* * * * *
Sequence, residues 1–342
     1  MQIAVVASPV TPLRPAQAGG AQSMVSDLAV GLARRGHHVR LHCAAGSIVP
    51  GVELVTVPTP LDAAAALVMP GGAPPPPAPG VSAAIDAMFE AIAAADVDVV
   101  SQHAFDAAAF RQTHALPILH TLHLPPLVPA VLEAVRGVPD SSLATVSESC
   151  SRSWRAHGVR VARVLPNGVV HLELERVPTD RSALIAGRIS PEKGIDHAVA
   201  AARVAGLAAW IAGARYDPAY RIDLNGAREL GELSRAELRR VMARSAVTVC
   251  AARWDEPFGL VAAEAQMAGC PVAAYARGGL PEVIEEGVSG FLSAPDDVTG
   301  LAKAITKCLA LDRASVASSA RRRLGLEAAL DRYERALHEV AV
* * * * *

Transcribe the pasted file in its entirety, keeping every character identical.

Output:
Sequence, residues 1–342
     1  MQIAVVASPV TPLRPAQAGG AQSMVSDLAV GLARRGHHVR LHCAAGSIVP
    51  GVELVTVPTP LDAAAALVMP GGAPPPPAPG VSAAIDAMFE AIAAADVDVV
   101  SQHAFDAAAF RQTHALPILH TLHLPPLVPA VLEAVRGVPD SSLATVSESC
   151  SRSWRAHGVR VARVLPNGVV HLELERVPTD RSALIAGRIS PEKGIDHAVA
   201  AARVAGLAAW IAGARYDPAY RIDLNGAREL GELSRAELRR VMARSAVTVC
   251  AARWDEPFGL VAAEAQMAGC PVAAYARGGL PEVIEEGVSG FLSAPDDVTG
   301  LAKAITKCLA LDRASVASSA RRRLGLEAAL DRYERALHEV AV